Editorial: Aurora Kinases: Classical Mitotic Roles, Non-Canonical Functions and Translational Views
- 1Instituto de Salud Carlos III, Madrid, Spain
- 2Wellcome Trust Centre for Cell Biology, University of Edinburgh, Edinburgh, UK
- 3Centre national de la recherche scientifique (CNRS), Rennes, France
- 4University of Cambridge, Cambridge, UK
Editorial on the Research Topic
Aurora kinases are key mitotic regulators that have also been associated with tumor development and progression. The interest on this highly conserved family of protein kinases has grown exponentially since they were discovered in the 1990s. Despite the steady increase in the number of laboratories involved and the consequent boost of the volume of research output during the last years, the study of Aurora kinases remains a very dynamic area in which new discoveries frequently keep coming to light. From a clinical perspective, the interest on Aurora kinase biology stems from their identification as targets for drug development; an increasing number of Aurora kinase inhibitors are being tested in preclinical projects and clinical trials. In this Frontiers Research Topic, we have aimed to not only review and revisit different aspects of the functions and regulation of Aurora kinases but also provide a forum for the publication of new developments in the field. We have been privileged to count on contributions from authors and reviewers that include some of the most experienced voices in our research area.
In their introductory article to the Research Topic, two old-timers in the field, David Glover and Bill Earnshaw, have provided a historical perspective of Aurora Kinase research. By looking at the field’s origin using genetic screens in Drosophila and yeast and cell biological studies in vertebrates that led to the identification of Aurora kinases and their partner proteins, the authors give us a unique first witness account of the development of the field (Carmena et al.).
Several articles in this Research Topic focus exclusively upon a single member of the Aurora kinase family. Among the contributions focused on Aurora A, Garrido and Vernos review the regulation of this kinase by TPX2, discussing its relevance as well as its (weak) conservation throughout evolution and potential key role in tumorigenesis. Two manuscripts from the Guarguaglini and Medema labs explore the interplay between Aurora A kinase and PLK1 and how this contributes to the regulation of different processes in mitosis (Asteriti et al.; Bruinsma et al.). Moving forward to the final stage of mitosis, Reboutier et al. report on the emerging role of Aurora A on the regulation of mitotic exit. The Research Topic also explores the mitotic and non-mitotic roles of Aurora A in the context of oncogenic transformation and tumor progression (D’Assoro et al.); this includes a review on the interactions between the kinase and the tumor suppressor p53 and the possible consequences for their signaling pathways in tumor cells (Sasai et al.). Finally, we have a report on recently described non-canonical roles of Aurora A kinase in DNA replication (Tsunematsu et al.).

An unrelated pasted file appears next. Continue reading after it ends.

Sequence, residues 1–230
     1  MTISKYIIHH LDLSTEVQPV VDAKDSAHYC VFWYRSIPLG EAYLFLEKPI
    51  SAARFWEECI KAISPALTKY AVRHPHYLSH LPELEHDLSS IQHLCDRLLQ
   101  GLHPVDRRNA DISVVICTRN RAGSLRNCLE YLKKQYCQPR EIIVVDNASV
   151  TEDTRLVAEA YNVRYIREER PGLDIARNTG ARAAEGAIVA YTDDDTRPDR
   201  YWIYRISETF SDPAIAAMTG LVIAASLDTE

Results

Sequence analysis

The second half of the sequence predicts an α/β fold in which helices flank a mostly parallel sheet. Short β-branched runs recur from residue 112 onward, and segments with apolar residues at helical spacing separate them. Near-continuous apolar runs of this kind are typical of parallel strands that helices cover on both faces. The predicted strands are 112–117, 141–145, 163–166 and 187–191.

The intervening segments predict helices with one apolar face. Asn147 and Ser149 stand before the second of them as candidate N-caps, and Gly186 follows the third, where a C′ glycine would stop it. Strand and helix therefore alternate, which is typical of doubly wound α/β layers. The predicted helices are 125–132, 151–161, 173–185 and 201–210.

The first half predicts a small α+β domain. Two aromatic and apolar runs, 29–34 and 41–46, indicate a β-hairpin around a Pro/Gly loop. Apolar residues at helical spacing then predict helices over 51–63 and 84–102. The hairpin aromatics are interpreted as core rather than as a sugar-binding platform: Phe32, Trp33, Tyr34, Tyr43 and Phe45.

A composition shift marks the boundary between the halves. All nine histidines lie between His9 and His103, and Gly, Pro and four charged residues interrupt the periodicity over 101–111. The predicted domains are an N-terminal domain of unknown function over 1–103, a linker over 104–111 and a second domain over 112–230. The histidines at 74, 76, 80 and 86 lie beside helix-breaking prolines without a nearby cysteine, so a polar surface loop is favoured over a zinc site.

On the other side of the coin, among the articles focusing upon Aurora B kinase, two explore its roles in specific stages of mitosis and cytokinesis: Krenn and Musacchio offer a detailed review on the role of Aurora B in chromosome bi-orientation and spindle checkpoint signaling; whereas D’Avino and Capalbo take us through a thorough analysis of the later roles of Aurora kinase within the CPC, focusing on its roles in controlling the assembly of the cleavage furrow, central spindle, and midbody and analyzing the function of the complex in the control of abscission timing. Finally, the chapter by Lindon et al. reviews the ubiquitin-dependent proteolytic regulation of Aurora B in mitosis.